Fastest-Growing (and Shrinking) Clean Energy Jobs – 24/7 Wall St.
Clean energy is a growth industry, and increasingly so, but the COVID-19 pandemic year of 2020 saw the clean energy workforce shrink by 3.73% from the previous year, according to preliminary data from the 2021 U.S. Energy Employment Report, as analyzed by E2, a nonpartisan group that advocates for environmental and economic policies. The gain of 188,775 clean energy jobs between 2017 and 2019 was wiped out — and then some — as 306,816 were lost in 2020.
The largest sector by employment, energy efficiency — the sector employs about two-thirds of the clean energy workforce — suffered significant job losses in 2020, losing nearly 272,000 jobs, despite a recovery in the second half of the year. This was mainly attributed to restricted access to buildings for purposes of installations during the pandemic.
The renewable energy and clean fuel sectors also saw significant job growth in the second half of 2020, though job growth was still negative by the end of the year when compared to 2017.
Not all sectors suffered equally, and some actually did very well, continuing or expanding growth even through the pandemic — these sectors are providing the fastest growing energy jobs. Though clean vehicle jobs fell by 18.6% in the first months of 2020, they grew 26.2% in the second half, recording a 17.7% growth from 2017 through 2020. The grid and storage sector also managed to erase pandemic declines and post job growth from 2017.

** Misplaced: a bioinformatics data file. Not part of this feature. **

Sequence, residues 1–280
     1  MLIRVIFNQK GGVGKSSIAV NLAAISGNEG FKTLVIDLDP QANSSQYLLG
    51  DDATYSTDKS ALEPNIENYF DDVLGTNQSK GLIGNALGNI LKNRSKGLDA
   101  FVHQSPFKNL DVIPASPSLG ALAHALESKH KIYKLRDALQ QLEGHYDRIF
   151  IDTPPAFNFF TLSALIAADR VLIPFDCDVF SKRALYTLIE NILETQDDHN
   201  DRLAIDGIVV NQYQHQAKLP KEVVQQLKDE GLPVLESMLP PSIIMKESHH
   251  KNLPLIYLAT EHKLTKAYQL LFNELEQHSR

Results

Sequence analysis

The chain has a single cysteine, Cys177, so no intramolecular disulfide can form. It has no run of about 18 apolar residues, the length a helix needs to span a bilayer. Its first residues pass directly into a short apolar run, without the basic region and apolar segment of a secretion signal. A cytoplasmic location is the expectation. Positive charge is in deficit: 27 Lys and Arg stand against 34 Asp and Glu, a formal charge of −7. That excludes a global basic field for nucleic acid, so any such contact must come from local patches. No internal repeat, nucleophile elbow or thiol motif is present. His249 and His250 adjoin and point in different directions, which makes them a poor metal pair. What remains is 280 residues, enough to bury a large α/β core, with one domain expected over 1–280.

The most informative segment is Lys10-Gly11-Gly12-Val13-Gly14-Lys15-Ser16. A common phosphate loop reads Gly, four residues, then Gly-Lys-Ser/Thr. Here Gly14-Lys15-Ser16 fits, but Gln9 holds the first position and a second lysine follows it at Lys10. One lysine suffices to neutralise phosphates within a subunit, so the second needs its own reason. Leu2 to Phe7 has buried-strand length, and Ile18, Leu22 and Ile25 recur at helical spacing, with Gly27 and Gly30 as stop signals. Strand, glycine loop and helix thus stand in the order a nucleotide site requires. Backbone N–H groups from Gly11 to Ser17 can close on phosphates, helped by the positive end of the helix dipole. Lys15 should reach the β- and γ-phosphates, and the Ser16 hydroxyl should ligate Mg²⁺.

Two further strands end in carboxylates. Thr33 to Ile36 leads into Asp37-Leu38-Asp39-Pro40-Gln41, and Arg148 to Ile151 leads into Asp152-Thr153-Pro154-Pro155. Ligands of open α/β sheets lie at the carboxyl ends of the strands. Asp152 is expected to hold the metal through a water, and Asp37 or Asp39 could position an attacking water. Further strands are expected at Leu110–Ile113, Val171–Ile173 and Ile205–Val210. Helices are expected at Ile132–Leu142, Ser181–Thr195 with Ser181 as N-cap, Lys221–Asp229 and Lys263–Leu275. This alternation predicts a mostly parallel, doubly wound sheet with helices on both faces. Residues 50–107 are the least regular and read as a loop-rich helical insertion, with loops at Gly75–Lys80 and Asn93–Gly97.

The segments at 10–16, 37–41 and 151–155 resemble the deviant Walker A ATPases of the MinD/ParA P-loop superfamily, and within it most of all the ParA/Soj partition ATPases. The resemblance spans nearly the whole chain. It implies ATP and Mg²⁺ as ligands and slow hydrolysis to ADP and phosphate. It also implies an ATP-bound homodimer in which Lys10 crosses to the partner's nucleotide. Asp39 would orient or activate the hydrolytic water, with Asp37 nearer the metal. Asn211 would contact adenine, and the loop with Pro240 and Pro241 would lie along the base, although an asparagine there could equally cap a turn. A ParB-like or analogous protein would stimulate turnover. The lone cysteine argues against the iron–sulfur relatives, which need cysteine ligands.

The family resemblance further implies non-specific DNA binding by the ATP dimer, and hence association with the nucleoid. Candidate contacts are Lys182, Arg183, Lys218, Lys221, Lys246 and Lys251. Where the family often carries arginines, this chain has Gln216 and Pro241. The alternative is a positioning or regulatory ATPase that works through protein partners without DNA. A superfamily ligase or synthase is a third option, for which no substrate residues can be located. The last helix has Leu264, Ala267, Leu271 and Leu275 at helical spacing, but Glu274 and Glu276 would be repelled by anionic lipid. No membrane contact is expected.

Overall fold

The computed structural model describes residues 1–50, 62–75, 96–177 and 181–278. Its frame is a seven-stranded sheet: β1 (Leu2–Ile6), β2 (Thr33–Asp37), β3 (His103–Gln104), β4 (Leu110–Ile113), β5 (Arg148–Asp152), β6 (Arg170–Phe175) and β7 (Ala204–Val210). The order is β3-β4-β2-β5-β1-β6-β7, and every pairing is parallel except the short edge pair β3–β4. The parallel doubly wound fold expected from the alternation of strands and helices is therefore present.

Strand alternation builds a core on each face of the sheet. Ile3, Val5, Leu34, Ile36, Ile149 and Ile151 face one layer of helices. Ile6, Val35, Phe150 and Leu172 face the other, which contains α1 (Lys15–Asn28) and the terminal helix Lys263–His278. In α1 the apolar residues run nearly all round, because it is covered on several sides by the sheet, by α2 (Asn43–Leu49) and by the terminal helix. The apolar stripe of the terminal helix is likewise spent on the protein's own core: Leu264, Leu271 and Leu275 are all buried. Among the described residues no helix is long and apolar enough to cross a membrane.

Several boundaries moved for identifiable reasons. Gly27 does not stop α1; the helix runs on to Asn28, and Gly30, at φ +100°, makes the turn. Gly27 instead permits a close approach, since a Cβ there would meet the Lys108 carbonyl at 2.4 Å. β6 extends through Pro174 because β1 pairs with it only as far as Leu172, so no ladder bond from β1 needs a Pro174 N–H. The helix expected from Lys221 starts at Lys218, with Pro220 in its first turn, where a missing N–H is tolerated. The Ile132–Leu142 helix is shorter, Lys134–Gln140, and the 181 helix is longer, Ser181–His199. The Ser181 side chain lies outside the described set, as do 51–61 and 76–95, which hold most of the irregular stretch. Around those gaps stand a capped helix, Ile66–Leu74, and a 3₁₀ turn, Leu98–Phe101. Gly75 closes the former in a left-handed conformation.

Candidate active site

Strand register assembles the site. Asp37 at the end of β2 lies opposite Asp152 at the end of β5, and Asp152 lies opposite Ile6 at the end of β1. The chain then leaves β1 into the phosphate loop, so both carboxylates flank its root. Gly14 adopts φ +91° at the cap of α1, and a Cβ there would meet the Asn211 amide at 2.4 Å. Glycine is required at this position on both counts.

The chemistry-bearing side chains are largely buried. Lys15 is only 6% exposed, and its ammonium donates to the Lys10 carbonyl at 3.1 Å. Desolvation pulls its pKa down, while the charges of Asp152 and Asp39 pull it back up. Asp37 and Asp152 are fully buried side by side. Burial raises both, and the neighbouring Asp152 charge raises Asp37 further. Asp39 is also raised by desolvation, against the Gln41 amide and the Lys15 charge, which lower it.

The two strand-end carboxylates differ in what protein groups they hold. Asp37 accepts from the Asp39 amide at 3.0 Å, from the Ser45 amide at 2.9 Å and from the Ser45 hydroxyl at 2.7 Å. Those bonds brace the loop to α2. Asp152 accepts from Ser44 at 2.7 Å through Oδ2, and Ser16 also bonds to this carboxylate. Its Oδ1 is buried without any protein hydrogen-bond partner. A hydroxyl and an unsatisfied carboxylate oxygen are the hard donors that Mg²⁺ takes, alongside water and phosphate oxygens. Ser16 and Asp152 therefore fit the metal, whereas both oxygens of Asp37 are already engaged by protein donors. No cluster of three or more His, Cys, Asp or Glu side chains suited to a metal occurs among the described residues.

Job changes by subsector were even more nuanced, though they generally reflected the sector overall. To find the fastest growing clean energy jobs, 24/7 Wall St. reviewed E2’s Clean Jobs America 2021 report. The 21 subsectors are ranked by job growth in the three years from 2017 through 2020. (And these are the states adding the most clean energy jobs.)
Despite the time, momentum, and employment opportunities lost due to COVID-19, the future of clean energy and clean energy jobs is extremely bright, and, for most sectors, the growth in recent years other than 2020 is an indicator of what is to come. (Find if any of the clean energy jobs are among the highest paying jobs you can get without a college degree.)
The level of growth will necessarily depend on the policies the federal government is able to enact in the coming years. Strong clean energy policies that include funding and other incentives will serve to create jobs in every state, offer savings to consumers based on energy efficiency, improve and protect the electric grid, reduce pollution, and play a needed role in the reduction of greenhouse gases that are driving climate change.